The area from Itezhi-Tezhi south to Ngoma has Kafue's densest elephant population, with some groups also frequenting the Chunga area. In just a day around the Ngoma area and Riverside Drive, in September 2003, we found not only a number of elephant herds, but also large herd of over 100 buffalo, plenty of impala and puku, family groups of Lichtenstein's hartebeest and waterbuck, and numerous bushbuck, warthog and baboons. We saw most of these animals in the small area between Ngoma and Riverside Drive, where the game was relaxed and fairly prolific.South of Ngoma
, the picture was not as good; the game was sparse indeed, and skittish. It was interesting that the only really good sightings that we had of large animals were around the Chelenje Pools Loop (what was navigable of it) and the old, disused site of Nanzhila Restcamp – and so once again the animals were congregating in areas associated with visitors. In that area there are still wildebeest, roan, waterbuck, impala, baboon and vervet monkeys.
Lion are widespread all over the park, and are easily spotted on the plains. On the Busanga Plains, large prides stalk through nervous herds of puku and lechwe nightly, using the natural drainage ditches for cover with deadly efficiency. There are currently at least five different prides in this area, and they seem to be thriving. Elsewhere they are also fairly common, though less easily seen.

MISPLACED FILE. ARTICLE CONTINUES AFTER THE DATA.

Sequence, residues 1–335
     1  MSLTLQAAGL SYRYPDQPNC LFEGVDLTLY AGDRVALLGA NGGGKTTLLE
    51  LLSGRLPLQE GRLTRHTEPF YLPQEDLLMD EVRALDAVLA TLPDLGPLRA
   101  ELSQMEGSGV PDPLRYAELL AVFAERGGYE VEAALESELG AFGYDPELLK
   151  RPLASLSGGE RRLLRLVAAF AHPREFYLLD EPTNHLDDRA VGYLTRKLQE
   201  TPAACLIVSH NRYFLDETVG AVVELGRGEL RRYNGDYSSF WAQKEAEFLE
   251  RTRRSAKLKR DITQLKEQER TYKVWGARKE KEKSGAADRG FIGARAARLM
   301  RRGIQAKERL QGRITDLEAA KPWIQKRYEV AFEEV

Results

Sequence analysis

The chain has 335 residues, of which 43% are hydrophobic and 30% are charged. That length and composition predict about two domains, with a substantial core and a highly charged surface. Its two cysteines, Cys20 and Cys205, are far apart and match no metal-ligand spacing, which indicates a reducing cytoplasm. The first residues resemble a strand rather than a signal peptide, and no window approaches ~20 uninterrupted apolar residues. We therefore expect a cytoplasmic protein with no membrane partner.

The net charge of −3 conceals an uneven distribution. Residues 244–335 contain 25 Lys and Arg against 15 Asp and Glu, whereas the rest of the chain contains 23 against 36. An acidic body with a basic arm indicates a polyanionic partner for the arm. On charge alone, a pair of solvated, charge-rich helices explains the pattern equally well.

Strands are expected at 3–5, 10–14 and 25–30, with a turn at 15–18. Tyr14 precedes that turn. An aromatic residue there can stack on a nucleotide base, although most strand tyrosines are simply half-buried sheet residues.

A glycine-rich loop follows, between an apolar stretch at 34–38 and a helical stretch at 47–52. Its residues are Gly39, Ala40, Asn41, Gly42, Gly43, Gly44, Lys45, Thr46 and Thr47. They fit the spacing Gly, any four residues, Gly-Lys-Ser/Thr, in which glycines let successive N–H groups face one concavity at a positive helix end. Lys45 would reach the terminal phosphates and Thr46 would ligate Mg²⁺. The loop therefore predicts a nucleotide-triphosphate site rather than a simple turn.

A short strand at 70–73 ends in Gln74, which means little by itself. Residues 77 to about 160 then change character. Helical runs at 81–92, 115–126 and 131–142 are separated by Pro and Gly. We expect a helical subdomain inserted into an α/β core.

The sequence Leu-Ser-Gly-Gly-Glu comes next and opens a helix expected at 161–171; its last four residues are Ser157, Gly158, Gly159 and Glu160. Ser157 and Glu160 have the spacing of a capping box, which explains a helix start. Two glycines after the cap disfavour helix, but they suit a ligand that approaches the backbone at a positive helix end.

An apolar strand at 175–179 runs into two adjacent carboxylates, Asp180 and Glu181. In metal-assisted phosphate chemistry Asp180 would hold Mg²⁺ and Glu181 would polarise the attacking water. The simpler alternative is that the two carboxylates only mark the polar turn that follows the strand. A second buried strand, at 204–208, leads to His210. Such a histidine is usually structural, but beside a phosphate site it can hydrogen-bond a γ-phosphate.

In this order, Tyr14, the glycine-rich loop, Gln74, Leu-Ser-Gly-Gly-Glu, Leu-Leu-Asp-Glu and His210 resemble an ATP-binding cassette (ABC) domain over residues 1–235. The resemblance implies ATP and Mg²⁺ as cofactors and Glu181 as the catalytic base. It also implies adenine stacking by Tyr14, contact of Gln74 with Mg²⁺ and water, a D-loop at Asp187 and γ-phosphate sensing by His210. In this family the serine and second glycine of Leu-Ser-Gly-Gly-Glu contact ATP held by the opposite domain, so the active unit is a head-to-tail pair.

Leopard are very common throughout the main forested areas of park, though they are seldom seen on the open plains. They are most easily observed on night drives, and continue with their activities completely unperturbed by the presence of a spotlight trained upon them. They seem to be particularly frequently seen in the area around Lufupa – though this is probably due to the success of Lufupa Lodge's guides in locating these elusive cats. This is one of the best places in Africa for seeing leopard in the wild.
Spotted hyena are seen regularly, though not often, throughout the park. They appear to occur in smaller numbers than either lions or leopards. Cheetah are not common anywhere, but they're definitely most frequently seen on the Busanga Plains, where they seem to be thriving. Sightings have definitely increased since the late 1990s, with plenty of first-class reports of very relaxed cats here. It's certainly the best place in Zambia to look for cheetah.
Occasional sightings of wild dog occur all over the park (though fewer around the road on the east side), and Kafue is Zambia's best stronghold for them. The park's huge size suits their wide-ranging nomadic habits and I have had a number of reports of them being seen on the north side of the park in the last few years. Areas around the Busanga Plains seem a particular favourite. They remain uncommon in any locale, but a possibility all over the park.
Other large animals
Elephants occur throughout Kafue, though overall their numbers are still recovering from intensive poaching during the 1970s – and their density varies hugely within the park. Just south of Lake Itezhe-Tezhi, around Chunga and, especially, Ngoma, there are large herds and a thriving population – though they're not always relaxed, so drivers there need to be very wary of getting too close to them. South of Ngoma, the situation is much gloomier; you'll see few during the dry season.
On the north side of the park elephant densities are lower than around Ngoma, but they have improved a lot. When I first visited Lufupa in 1995, a few elephants spotted a kilometre from the lodge were a reason for excitement, causing us to leave dinner and jump into a vehicle. Now family groups are commonly seen in the Lufupa and Lunga areas, and are a lot less skittish than they used to be.